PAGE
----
Uber is offering free rides to a protest against a proposed crackdown on New York City car services

This protest brought to you by Uber.
This protest brought to you by Uber.
Image: AP Photo/Seth Wenig
We may earn a commission from links on this page.

Uber is pulling out the stops to fight a New York City bill that would cap the number of drivers it can employ. Mobilizing its users to “Save Uber as you know it in NYC,” the company said in an email to customers that it would offer a free ride to anyone using its UberPool carpooling service to go to a protest tomorrow morning (June 30) at City Hall in lower Manhattan:

We need your help. Mayor de Blasio is supporting a bill that would stop thousands of new drivers from joining the Uber platform. This bill would destroy 10,000 job opportunities for New Yorkers in just one year, and result in longer wait times, higher prices and less reliable service for riders.

The bill would cap the number of cars that large car services like Uber can add. According to the New York Post, bases with more than 500 drivers would be limited to a 1% increase each year; Uber has about 26,000 drivers in the city.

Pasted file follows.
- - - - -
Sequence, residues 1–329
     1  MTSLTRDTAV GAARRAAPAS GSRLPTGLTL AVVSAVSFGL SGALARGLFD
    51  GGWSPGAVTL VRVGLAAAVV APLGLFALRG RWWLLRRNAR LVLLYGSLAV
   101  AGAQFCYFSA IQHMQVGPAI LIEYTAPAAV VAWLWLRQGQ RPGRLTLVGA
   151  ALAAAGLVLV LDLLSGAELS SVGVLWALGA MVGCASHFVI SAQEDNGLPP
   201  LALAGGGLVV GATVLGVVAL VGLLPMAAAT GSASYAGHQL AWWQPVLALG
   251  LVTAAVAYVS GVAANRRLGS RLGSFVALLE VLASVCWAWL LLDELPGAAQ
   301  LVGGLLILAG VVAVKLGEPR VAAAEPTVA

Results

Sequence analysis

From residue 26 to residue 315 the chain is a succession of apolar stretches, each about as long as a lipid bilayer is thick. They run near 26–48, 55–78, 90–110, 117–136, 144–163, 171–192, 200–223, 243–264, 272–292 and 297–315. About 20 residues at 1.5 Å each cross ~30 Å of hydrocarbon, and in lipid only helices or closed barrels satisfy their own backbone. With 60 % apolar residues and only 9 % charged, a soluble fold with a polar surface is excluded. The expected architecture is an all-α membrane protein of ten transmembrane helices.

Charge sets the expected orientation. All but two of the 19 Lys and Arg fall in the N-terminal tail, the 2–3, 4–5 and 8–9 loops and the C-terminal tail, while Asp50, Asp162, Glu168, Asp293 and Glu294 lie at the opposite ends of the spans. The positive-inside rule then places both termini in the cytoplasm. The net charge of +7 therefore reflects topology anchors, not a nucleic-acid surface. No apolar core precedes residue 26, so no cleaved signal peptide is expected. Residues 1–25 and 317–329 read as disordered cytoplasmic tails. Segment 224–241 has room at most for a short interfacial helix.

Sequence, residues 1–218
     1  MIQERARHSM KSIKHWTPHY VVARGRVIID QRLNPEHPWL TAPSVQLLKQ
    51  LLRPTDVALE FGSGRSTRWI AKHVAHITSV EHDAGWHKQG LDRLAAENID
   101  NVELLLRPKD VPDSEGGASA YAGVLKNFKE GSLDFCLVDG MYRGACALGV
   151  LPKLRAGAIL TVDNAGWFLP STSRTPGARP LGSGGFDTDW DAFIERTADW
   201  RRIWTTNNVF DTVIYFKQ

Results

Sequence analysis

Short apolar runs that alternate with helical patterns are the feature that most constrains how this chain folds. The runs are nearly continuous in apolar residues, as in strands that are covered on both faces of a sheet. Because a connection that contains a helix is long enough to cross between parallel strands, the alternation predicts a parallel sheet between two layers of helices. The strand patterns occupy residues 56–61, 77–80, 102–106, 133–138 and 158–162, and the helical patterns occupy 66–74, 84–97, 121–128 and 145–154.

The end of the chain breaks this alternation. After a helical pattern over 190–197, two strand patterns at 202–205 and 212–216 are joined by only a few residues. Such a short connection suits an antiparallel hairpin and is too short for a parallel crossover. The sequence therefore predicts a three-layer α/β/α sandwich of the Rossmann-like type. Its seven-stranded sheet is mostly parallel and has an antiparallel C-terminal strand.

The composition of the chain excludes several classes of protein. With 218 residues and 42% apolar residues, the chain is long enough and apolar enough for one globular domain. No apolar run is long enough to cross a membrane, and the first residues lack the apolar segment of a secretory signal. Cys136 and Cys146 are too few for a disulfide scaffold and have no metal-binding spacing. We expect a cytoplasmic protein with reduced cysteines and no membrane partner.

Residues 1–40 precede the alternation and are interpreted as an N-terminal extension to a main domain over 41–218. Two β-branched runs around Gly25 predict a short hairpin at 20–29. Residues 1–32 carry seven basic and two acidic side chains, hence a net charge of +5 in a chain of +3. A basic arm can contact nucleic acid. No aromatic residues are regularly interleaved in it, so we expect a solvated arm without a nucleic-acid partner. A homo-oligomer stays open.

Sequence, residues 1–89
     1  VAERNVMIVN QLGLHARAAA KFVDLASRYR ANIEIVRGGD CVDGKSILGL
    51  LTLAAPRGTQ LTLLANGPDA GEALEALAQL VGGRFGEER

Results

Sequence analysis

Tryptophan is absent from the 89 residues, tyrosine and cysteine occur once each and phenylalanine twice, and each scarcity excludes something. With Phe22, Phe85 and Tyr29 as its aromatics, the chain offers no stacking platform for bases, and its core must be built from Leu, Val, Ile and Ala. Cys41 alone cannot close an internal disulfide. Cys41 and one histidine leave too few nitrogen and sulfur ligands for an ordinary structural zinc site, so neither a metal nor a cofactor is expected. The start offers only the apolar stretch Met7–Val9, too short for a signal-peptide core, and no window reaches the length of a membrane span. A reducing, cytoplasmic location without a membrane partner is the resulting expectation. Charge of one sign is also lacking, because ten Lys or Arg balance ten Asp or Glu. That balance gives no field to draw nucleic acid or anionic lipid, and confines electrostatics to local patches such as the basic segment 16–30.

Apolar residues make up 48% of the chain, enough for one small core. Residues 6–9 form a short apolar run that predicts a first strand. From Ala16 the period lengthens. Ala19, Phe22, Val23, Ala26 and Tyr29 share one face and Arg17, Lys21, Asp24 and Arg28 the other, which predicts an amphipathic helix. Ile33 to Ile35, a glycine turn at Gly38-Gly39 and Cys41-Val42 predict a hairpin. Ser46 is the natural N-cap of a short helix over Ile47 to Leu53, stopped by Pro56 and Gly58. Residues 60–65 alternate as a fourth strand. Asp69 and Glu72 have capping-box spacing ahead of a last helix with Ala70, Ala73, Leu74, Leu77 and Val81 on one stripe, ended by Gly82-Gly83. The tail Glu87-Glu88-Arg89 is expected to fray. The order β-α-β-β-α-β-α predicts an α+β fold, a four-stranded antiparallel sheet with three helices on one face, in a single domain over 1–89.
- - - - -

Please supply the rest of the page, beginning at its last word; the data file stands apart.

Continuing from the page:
Since 2011, when Uber began operating in New York, the city has seen an increase of about 25,000 car-service drivers, which proponents of the law say has made the city’s notorious traffic even worse and caused an increase in polluting auto emissions.

Uber’s aggressive, worldwide expansion has been met with opposition in many cities around the world. Two of its senior executives in Paris were taken into police custody for questioning today (June 29) as the government investigates whether Uber violated labor laws. Striking taxi drivers in Paris lit fires and overturned Uber cars during a violent protest last week.

Uber’s lobbying efforts have also drawn attention, from its hiring last year of (the since-replaced) David Plouffe, a former adviser to US president Barack Obama, to the company’s rise in Portland, Oregon, catalogued in a lengthy Bloomberg Businessweek feature entitled, “This is How Uber Takes Over a City.”

The company’s stance toward political protests has been somewhat mixed. It has been quick to mobilize its users when its service has come under attack. But earlier this month in China, the company sent a stern warning to its drivers saying it does not condone public demonstrations, after hundreds of drivers blocked traffic to protest the arrest of one of their colleagues. “We firmly oppose any form of gathering or protest, and we encourage a more rational form of communication for solving problems,” an Uber China spokeswoman told Quartz then.

The June 30 protest in New York is scheduled for noon local time. Uber says its carpool rides to and from City Hall will be free from 10:30 am to 2:30pm.